Thursday, April 20, 2006

Yogourt of fragmentation hand grenade

Ready to be fragmented?

Prepare your sides for a really severe splitting! Honestly, I have not laughed as loudly, or as much in ages, as I have at these two wonderfully screwed up translations.

How the hell the unsuspecting English speaking visitor is supposed to cope, is another matter entirely. Actually, now I know why British visitors stick to familiar English Breakfasts, Sunday Roasts, McDonalds and such, so prolific in the resorts. 

They obviously don't want to - literally - risk their lives with the local food!

The first example is a homemade desert menu (and the deserts), from a restaurant on the south of Gran Canaria, whose identity has been obscured to protect the guilty.

Miguel at Canarias Bruta (now closed) commented that "He who has translated this menu into other languages (without doubt, someone called Babelfish, Systran or similar) ought to get the Nobel prize for literature for such great work." And continued, "I am going to order the Brochette of Fruits. It ought to have an explosive flavour." You bet it will!

Oh, for those who didn't see it, where it said "yogourt of fragmentation hand grenade", it was actually trying and, obviously, failing utterly miserably, to say "pineapple yoghurt". :)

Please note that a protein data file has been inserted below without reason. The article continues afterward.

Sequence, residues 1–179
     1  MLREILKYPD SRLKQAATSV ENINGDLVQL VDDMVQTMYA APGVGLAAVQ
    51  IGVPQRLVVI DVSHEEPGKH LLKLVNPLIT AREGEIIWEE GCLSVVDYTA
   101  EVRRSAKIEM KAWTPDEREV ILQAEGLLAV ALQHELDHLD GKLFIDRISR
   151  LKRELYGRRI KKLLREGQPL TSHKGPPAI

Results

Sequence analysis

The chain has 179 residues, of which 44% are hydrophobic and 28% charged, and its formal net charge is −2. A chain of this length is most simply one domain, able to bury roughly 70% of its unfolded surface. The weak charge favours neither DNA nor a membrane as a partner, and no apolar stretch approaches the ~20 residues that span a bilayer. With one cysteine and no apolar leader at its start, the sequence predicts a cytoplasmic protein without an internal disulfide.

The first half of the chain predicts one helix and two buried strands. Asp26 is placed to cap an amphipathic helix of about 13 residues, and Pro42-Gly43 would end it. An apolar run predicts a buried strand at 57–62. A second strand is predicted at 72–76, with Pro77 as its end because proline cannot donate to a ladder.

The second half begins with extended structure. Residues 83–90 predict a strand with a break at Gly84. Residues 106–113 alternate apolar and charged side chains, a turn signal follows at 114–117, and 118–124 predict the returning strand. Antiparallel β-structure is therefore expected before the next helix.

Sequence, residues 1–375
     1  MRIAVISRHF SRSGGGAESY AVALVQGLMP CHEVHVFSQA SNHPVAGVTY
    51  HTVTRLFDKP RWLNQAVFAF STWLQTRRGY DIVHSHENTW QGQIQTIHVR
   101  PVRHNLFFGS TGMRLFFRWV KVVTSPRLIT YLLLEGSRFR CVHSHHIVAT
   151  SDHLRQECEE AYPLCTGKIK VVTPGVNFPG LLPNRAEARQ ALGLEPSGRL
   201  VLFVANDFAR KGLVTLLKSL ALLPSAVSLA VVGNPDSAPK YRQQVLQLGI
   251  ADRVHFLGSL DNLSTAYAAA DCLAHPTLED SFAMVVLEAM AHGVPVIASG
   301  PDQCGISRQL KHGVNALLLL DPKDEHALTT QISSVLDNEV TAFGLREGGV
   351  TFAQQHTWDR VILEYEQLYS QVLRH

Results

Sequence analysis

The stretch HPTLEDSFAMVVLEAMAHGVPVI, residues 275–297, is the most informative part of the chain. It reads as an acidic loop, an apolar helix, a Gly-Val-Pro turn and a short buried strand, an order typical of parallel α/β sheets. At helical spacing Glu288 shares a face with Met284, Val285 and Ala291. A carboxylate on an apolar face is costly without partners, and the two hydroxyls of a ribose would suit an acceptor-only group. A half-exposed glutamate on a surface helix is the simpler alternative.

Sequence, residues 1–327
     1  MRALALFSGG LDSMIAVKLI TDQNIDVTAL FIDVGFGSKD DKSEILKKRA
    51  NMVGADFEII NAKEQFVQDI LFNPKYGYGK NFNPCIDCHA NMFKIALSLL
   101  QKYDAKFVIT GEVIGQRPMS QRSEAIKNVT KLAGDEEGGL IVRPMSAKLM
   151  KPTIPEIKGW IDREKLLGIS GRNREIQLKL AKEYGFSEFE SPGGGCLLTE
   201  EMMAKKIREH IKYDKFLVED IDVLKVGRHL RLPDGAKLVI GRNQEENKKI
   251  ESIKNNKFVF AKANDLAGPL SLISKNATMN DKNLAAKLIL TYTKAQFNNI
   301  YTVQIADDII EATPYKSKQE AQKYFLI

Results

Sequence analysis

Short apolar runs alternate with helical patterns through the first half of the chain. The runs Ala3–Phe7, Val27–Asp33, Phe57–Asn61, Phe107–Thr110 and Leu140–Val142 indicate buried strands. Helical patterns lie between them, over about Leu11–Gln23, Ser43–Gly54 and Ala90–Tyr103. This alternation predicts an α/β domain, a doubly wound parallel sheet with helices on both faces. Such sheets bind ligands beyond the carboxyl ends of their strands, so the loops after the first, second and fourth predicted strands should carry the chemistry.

No, please, don't ask me how even a automated translation robot (even if it's on speed or acid) can make that connection! Personally, I'm not sure I really want to eat "Arm of Gypsy", either, but at least that was a faithful, literal translation of the Spanish original. Of the six items listed on that menu, not one of the English translations got it completely correct.

But, wait, there is more ... Bandage the fragmentation hand grenade

Once you've risked eating the aforementioned hand grenade, it is pretty likely that you will want a bandage and the intrepid Canary Island traveler need go no further than the Lagartario de la Montaña de Arucas (Lizard zoo in Arucas), also Gran Canaria.

This time, they suggest - and I am going to translate it because you will not work it out from the English at all - that, "If you want to see the lizards in action, throw them a tomato."

Fair enough, so far? The next bit is what got totally mangled, from "vendemos" (we sell) into bandage, which would have been "venda" in Spanish. What they really mean is that "if you don't have a tomato, we sell them in the restaurant." Perhaps, on the other hand, if you don't have a tomato, the lizard will bite you and you'll need first aid! :)

In all fairness to my neighbours, translations, it has to be said, are no better in Tenerife. I've had my rant previously about the Sweets of Canary and other Dodgy Translations. And, as I have said before and the above proves, menus everywhere contain similar examples of non-edible things to the point that I have given up on trying to translate their English.
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